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Vendetta, the little dive bar that could, has housed some great parties over the years. It has played host to LunchLady and his Cafete-

ria, hosted big gay garage sales, and offers what’s routinely referred to as one of the city’s best patios. So, naturally, Vendetta has decided to leverage its talents for your summer-long lounging — and dancing — pleasure. According to co-owner Craig Olson, SunBurn — the every Sunday dance party he’s orchestrating — was borne out of the need for a destination “after a great brunch, or a day at Sauvie’s Island or Rooster Rock — or, more truthfully, the need for a fog-lifter after a big Saturday night out.� He continued, “There should be something fun to do on a sunny, Sunday after-

noon. Several other cities — not necessarily even larger ones — have what is commonly referred to as a TDance: regular afternoon, outdoor dance parties that let you wrap up your weekend dancing to fun music surrounded by cute people — all without having to be in a dark, late night club.� And SunBurn, Olson promises, is going to be just that: a weekly patio dance party every Sunday during Portland’s hottest summer months. He plans to kick things off the weekend after Pride— June 24 — and end the first weekend of September. “ We’re p r o u d that Vendetta is known as a welcoming and diverse bar and we think SunBurn will provide us an opportunity to showcase one of Portland’s prettiest patios, and with what I hope will become an annual city tradition. Our goal is to let Portlanders end their weekend on a high note, but still be home in time for ‘60 Minutes.’� The event will be free and will feature rotating local deejays and drink specials. First up: DJ Bruce LaBruiser. See you on the patio. Stay with PQ for updates — and watch for exclusive tidbits.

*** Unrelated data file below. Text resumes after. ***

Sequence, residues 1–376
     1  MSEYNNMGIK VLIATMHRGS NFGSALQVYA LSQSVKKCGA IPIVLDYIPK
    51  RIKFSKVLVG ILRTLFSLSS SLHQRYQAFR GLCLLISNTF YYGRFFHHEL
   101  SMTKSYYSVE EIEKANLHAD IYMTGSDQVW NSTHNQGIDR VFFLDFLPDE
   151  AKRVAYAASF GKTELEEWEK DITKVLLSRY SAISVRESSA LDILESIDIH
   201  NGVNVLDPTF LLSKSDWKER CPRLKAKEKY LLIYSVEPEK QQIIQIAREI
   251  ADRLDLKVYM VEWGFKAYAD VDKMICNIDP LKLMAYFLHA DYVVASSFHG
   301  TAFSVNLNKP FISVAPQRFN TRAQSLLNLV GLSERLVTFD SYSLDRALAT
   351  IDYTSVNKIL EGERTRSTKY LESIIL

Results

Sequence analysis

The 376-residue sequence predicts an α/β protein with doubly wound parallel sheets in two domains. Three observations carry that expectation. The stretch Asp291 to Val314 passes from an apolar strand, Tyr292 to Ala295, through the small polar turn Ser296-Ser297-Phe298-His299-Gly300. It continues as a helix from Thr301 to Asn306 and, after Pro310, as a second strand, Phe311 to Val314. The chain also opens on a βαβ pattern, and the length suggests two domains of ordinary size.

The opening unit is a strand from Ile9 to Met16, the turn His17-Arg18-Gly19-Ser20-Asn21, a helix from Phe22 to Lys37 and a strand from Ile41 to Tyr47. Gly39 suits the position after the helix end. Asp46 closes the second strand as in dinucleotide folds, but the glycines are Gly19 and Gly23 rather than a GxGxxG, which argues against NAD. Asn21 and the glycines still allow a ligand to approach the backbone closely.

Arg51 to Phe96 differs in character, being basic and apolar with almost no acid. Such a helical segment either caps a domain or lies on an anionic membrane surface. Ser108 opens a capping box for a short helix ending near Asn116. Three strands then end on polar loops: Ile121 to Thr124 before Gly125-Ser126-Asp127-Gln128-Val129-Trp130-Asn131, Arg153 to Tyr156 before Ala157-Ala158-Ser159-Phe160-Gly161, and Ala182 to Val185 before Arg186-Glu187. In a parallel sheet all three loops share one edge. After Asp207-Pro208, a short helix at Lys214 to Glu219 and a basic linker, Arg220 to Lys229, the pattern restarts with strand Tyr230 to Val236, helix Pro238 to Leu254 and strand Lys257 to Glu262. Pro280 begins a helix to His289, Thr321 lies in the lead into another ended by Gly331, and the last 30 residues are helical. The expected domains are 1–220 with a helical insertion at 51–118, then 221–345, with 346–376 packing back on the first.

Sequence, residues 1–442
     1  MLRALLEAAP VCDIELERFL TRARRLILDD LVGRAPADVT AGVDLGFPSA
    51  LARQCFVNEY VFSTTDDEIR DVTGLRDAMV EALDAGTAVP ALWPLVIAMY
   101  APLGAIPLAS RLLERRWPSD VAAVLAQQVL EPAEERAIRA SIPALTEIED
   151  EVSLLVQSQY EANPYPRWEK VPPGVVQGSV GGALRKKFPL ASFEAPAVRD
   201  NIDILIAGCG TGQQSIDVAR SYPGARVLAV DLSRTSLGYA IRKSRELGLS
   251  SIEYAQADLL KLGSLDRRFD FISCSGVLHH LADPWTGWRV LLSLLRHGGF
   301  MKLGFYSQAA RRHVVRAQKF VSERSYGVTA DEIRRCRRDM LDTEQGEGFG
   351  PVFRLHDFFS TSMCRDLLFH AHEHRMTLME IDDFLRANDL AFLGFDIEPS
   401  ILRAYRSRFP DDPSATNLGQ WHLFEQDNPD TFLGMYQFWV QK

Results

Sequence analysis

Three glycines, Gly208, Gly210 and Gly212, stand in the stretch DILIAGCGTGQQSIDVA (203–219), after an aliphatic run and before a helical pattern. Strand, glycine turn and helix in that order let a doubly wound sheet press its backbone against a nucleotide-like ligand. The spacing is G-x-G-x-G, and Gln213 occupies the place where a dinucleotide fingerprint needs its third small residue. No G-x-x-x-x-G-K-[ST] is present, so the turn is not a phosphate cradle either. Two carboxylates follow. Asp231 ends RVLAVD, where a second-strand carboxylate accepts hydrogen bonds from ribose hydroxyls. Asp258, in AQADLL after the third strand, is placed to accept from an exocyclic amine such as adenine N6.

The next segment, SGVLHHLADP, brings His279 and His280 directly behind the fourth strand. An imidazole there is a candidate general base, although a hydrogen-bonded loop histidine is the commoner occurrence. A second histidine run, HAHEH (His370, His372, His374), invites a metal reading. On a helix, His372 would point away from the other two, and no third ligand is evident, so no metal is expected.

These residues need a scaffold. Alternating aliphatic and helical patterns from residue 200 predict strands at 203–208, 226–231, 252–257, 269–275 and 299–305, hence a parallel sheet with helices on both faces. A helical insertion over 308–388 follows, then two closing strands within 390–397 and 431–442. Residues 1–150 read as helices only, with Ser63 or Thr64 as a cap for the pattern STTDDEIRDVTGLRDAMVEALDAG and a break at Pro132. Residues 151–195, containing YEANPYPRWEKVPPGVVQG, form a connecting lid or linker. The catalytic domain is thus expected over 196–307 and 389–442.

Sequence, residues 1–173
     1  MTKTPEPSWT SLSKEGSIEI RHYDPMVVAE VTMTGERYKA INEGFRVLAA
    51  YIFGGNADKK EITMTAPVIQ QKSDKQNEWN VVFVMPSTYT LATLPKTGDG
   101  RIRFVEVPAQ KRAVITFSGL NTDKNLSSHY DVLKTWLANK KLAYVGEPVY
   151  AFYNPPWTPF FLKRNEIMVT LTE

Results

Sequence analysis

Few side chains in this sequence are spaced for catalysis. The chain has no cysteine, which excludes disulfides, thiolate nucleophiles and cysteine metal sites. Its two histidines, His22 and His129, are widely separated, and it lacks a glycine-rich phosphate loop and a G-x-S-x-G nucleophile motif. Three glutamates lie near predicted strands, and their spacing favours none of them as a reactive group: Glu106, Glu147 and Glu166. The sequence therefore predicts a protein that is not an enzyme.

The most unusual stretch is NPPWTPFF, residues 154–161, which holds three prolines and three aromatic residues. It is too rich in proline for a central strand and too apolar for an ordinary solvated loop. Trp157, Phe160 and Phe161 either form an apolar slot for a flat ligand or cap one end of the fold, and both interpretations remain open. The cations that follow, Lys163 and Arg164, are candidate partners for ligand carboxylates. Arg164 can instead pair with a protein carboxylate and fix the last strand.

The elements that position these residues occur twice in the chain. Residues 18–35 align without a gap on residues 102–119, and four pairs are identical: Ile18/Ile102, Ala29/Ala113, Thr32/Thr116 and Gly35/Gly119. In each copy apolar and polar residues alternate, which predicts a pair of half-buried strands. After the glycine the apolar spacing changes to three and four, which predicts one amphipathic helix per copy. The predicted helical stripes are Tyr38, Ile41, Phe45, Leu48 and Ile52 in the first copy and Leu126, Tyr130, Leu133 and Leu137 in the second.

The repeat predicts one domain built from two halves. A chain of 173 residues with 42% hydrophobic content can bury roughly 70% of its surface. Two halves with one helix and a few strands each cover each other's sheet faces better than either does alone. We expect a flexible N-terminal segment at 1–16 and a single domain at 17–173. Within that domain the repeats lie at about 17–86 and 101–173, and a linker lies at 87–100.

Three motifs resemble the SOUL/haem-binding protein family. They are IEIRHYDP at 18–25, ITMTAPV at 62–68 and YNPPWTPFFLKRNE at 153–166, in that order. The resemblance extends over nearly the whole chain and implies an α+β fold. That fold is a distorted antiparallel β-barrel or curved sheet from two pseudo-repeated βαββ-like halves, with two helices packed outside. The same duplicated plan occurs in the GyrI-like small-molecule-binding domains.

Ladies of the 80s in Action (left to right): Tiara Desmond, Kourtni Capri Duv, Maria, Alexis Campbell Starr, and Poison Waters. By Daniel Borgen PQ Monthly

Drag is as integral a piece of queer culture as, well, being gay. For many of us, some of our first forays into the gay collective involved sneaking peeks of these wonderful creatures. Love drag or hate it (but really, how could you hate it?), not many cogs in the big gay machine are as expressive, liberating, and hell — entertaining. And no one does it quite like the girls at Darcelle’s — specifically Poison Waters, who’s easily one of the most recognized drag queens in town. Of late, Ms. Waters has recruited some serious star power to help curate Hot Chocolate, an all-black drag troupe that’s presently the talk and toast of the town. Hot Chocolate really made waves this past February when they put together an impromptu, last-minute tribute show honoring the late, great Whitney Houston; the group worked through Houston’s lengthy catalogue and had a sold-out audience on its feet. Their most recent show, a tribute to African-American stars of the 1980s (including a brief ode to Donna Summer), struck similar nerves. PQ caught up with Waters to talk Hot Chocolate’s past, present, and future. Perhaps the most pressing question: how did Hot Chocolate come to be? “In late 2010 I was asked to perform